The complainant claimed the name ‘Neck Oil’ implied the beer was to be drunk “down in one”, ie, ‘necked’ and this was in line with the bright colours that were “clearly aimed at the younger market and encouraged irresponsible consumption”.
The company’s submission said it took its responsibilities as a producer seriously and it believed the complainant had misunderstood the name of the beer.
As a consequence, Beavertown claimed the complainant had developed an incoherent and misguided argument against the product.
The company explained Neck Oil was sold in 330ml cans with a 4.3% ABV, which was well within the UK Chief Medical Officer’s low-risk drinking guidelines.
It also stressed that it marketed its products as ‘premium’ and priced them accordingly. Furthermore, Beavertown stated it only supplied its beers to the specialist craft beer network and high street outlets known to operate at a high ethical level and those that implemented the ‘Challenge 25’ policy.
It also stated there was no evidence to support the complainant’s criticism of the product name and their interpretation was out of step with the accepted and regular use of the term ‘neck oil’.
Beavertown highlighted text on its website and other online sources to highlight how the phrase was typically interpreted.
It added the name was originally picked to pay homage to its CEO’s grandfather who referred to beer, in general, almost exclusively as such and never as shorthand for ‘necking’.
It also stated the name ‘neck oil’ incorporated the noun ‘neck’ and did not encourage the act of necking beer in quantity.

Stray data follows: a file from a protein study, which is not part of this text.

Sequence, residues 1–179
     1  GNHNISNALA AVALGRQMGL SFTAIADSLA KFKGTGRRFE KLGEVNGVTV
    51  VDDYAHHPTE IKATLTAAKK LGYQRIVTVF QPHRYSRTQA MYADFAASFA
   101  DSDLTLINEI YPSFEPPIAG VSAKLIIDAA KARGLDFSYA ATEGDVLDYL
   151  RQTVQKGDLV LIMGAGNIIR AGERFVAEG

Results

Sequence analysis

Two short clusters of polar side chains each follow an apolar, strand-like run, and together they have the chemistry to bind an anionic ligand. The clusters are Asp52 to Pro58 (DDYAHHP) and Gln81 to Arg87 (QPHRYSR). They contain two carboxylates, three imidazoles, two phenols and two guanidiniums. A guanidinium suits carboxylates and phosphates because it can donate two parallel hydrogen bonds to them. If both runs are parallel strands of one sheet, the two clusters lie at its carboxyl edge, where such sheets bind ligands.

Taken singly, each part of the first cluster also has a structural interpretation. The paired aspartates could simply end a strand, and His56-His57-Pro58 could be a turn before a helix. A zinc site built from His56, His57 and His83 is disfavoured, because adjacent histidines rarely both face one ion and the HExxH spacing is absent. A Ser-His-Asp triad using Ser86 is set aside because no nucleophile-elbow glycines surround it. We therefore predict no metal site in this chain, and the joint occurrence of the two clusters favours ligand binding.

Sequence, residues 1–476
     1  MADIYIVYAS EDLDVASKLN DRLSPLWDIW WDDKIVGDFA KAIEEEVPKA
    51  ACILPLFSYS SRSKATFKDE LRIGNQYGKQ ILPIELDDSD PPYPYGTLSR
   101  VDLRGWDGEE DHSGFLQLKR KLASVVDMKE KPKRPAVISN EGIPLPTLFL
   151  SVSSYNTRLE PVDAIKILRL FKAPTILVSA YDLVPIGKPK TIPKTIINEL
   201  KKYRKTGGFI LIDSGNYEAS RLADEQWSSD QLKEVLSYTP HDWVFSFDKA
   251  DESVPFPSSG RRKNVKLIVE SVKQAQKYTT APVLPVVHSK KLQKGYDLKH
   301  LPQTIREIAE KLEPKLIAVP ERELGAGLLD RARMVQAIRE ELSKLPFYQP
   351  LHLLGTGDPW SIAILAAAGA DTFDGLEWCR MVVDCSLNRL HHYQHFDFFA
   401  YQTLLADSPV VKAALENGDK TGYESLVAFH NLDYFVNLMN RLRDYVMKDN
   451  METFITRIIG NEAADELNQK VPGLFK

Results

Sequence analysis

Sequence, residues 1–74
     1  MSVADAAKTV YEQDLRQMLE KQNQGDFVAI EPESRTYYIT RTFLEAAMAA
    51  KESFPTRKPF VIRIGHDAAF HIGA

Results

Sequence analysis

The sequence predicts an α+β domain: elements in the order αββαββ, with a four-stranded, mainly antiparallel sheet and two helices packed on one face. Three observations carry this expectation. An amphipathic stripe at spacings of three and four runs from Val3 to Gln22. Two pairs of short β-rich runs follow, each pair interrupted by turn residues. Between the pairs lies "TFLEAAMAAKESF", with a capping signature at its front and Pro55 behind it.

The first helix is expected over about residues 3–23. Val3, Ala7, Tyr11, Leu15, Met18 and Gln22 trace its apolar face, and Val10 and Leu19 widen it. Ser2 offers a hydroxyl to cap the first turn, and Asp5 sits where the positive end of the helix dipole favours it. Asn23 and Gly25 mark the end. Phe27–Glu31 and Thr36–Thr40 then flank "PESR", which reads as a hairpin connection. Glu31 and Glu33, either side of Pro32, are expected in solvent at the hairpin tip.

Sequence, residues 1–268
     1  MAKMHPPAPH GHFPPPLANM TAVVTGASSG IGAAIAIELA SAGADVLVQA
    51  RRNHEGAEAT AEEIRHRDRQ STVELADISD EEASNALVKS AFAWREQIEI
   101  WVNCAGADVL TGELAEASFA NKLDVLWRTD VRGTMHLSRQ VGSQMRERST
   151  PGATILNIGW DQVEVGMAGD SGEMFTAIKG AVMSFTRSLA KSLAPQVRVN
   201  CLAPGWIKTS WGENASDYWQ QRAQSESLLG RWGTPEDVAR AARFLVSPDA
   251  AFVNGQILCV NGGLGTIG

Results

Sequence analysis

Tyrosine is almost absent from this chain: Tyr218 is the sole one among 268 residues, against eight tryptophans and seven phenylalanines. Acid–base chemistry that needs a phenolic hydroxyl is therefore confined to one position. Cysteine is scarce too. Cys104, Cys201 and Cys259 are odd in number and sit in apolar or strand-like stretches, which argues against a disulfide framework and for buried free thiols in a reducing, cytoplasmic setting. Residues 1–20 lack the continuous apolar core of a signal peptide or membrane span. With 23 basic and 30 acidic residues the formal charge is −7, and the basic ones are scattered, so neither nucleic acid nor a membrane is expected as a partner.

The company said the colour palette followed the corporate, award-winning and well-established company brand that consumers were familiar with.
It refuted the complainant’s assertion the product could have a particular appeal to under-18s and it was not designed to appeal to ‘tweens’, youths or an irresponsible beer-drinking demographic.
Beavertown added the beer label on Neck Oil had the same layout as its Gamma Ray beer, which had previously been considered by the panel in 2015.
The company argued, at that time, the label complied with EU food labelling regulations in the same way and made it clear the product was alcoholic.
In addition to this, the company highlighted the fact the illustrations were of a similar nature to Gamma Ray, which the panel previously ruled were adult in nature.
The panel decided the colour palette and illustrations on Neck Oil were adult in nature and it concluded there was no element of the can that could have a particular appeal to under-18s.
It also discussed the term ‘session IPA’ and acknowledged it was a commonly used descriptor in the craft beer category to denote a product of lower-than-average strength of IPA and the term’s acceptability would depend on the overall impression conveyed by a product.
The panel also considered the company’s submission and acknowledged the phrase ‘neck oil’ was widely recognised as a colloquial term for beer within and outside the industry.
It noted that ‘neck’ was used as a noun and did not consider its use in this way suggested a ‘down-in-one’ style of consumption.
The panel also noted there were no visual or text cues to encourage irresponsible or ‘down-in-one’ consumption.